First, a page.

Ever since the 2000 election, pundits and political pros have zeroed in on Florida as being one of – if not the – key swing-state.
Barack Obama won the state in both of his campaigns, and Hillary Clinton was counting on the Sunshine State to block Donald Trump from winning its 270 Electoral College votes.
But new data out of Florida shows a key group of voters are not turning out, and it could cost Hillary the election.
In 2012, Obama won Florida largely on the strength of black voters.
Black voters turned out in record levels and powered him to a narrow win in Florida over Mitt Romney.
Much of this support was banked during the early voting period.
However, new numbers from Florida show Hillary struggling to turn out black voters and their early vote participation is down significantly from 2012.
“After the first full weekend of in-person early voting ended Sunday, African-American turnout failed to meet expectations — or historic precedent — leaving top Democrats and activists fuming or worried that Clinton’s campaign isn’t living up to the hype in Florida…
…African-Americans traditionally dominate early in-person voting. But they didn’t show in force this weekend. And Hastings said he wasn’t surprised. After Sunday night’s polls closed, black voters accounted for 16 percent of the in-person early vote ballots cast. And that included five previous days of in-person early voting.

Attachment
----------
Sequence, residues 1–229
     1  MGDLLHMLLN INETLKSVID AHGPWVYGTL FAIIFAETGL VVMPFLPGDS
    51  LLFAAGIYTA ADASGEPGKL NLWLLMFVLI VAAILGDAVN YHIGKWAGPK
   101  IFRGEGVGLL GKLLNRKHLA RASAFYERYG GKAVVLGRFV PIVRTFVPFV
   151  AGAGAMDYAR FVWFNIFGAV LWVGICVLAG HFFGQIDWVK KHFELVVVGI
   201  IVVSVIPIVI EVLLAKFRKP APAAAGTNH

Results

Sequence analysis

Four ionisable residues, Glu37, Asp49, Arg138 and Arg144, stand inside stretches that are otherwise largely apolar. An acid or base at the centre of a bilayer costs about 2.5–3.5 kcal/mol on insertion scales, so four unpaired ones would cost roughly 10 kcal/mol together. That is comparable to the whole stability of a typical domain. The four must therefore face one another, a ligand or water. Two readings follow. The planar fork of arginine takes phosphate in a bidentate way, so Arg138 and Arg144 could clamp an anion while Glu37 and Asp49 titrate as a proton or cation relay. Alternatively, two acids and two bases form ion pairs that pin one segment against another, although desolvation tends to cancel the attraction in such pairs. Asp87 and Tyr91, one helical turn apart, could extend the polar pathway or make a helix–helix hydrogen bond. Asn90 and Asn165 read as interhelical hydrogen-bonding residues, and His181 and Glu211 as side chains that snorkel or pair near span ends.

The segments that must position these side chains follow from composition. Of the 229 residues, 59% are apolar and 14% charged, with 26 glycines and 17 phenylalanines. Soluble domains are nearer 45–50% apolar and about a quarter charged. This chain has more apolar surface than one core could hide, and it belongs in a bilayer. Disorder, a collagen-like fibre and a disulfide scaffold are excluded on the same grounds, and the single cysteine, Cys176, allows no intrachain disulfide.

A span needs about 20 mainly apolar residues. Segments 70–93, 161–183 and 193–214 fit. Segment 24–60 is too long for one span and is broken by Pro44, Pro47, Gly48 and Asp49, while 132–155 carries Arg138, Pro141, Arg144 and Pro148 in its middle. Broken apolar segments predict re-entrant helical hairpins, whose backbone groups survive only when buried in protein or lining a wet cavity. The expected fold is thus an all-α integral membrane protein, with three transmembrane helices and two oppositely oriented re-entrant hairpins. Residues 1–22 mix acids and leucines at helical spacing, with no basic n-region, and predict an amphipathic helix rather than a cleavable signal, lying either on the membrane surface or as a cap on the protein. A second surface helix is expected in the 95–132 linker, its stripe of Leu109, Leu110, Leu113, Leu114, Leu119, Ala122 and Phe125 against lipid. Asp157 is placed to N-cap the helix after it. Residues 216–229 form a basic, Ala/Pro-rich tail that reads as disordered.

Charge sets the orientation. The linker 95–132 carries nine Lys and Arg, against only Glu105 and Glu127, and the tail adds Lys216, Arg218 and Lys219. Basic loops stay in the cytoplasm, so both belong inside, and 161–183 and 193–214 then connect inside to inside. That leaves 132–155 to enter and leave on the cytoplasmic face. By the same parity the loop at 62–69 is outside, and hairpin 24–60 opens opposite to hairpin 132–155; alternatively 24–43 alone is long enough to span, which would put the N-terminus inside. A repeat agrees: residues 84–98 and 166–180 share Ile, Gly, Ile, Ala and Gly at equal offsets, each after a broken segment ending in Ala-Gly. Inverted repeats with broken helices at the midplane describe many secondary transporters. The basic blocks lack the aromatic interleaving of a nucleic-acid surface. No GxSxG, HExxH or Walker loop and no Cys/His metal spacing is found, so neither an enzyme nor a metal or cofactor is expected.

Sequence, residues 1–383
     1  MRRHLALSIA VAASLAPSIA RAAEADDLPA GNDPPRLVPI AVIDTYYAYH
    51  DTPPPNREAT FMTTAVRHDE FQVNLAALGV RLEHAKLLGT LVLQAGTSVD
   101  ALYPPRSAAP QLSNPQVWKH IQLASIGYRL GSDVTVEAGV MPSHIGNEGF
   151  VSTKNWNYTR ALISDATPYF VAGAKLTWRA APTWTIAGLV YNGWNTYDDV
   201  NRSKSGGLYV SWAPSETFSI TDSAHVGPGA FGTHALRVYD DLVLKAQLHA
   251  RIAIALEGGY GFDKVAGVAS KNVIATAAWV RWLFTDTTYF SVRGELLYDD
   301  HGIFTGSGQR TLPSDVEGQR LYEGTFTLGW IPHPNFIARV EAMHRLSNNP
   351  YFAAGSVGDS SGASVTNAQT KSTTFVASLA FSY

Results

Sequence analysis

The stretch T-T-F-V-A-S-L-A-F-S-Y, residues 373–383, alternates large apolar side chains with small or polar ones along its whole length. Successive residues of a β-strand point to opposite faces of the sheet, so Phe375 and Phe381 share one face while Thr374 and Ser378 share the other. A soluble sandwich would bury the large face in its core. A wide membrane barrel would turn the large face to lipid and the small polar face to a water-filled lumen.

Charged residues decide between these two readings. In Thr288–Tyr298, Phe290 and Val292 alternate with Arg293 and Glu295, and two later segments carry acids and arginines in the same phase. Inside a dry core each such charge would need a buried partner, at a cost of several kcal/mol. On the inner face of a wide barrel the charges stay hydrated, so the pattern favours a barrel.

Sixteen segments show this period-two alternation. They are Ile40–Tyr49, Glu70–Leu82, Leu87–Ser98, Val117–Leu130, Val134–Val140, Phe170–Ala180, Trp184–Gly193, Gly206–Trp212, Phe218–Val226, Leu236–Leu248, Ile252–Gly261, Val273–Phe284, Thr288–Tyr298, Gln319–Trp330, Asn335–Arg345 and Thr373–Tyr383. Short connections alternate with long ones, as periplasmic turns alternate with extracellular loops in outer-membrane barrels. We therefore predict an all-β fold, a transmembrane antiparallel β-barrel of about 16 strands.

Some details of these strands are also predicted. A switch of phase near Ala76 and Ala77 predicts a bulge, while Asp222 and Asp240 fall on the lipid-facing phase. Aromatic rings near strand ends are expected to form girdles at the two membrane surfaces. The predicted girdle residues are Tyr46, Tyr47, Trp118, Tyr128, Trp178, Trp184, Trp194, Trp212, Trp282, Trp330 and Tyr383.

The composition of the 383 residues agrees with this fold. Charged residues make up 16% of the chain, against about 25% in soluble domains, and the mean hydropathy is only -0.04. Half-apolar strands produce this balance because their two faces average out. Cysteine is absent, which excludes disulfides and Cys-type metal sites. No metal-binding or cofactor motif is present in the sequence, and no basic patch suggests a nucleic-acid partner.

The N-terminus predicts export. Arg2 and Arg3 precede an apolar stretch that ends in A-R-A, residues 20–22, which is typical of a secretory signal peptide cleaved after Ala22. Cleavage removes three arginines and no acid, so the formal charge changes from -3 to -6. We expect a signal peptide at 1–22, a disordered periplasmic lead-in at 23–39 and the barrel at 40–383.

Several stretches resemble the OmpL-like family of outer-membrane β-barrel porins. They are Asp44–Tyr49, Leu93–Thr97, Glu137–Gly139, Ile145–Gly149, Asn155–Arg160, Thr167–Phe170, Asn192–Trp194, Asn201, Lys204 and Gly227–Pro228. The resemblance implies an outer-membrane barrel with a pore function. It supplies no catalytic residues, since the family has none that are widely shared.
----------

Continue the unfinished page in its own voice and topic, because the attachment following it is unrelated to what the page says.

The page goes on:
But in 2012, in just two days of in-person early voting, blacks cast 25 percent of those early ballots, according to Dan Smith, a University of Florida political science professor who published some of the early voting data on his must-read Election Smith blog.
Due to such strong African-American turnout after the beginning of in-person early voting in 2012, Democrats began outpacing Republicans in total ballots cast before Election Day, by about 10,000. This year, though, Republicans still cling to their own lead of about 9,000. As of Monday morning about 3.7 million absentee and in-person early ballots had been cast, 40.5 percent of them by Republicans and 40.2 percent by Democrats.
“The black vote is way underperforming compared to 2012,” Smith said.”
Polls in Florida show a tight race.
The current Real Clear Politics polling average finds Trump with a slim 0.5% lead.
However, the most recent polls in their average show Trump with some breathing room.
A New York Times/Siena poll found the GOP nominee leading 46% to 42%.
That was matched by Remington Research survey – which is a Republican pollster – showing Trump with an identical 4-point lead.
Trump’s slight poll lead could hold up as black voters aren’t the only core Democratic constituency underperforming.
Politico also reports:
“Race and party aside, another problem for Clinton right now might reside with young people. Millennial voters (ages 18-34) generally back Clinton, but they’ve only cast 402,000 ballots so far — 52 percent of their 2012 total, according to AIF. Those over 65 — who are most likely to support Trump — have cast the most ballots so far, 1.6 million. That’s 97 percent of their 2012 total.
Democrats aren’t hiding their concern. They thought they should be ahead in pre-Election Day ballots. And now they’re not. The Clinton campaign admits that one her biggest problems is that she has a tough act to follow: The first black president.”
Do you believe Donald Trump will win Florida?
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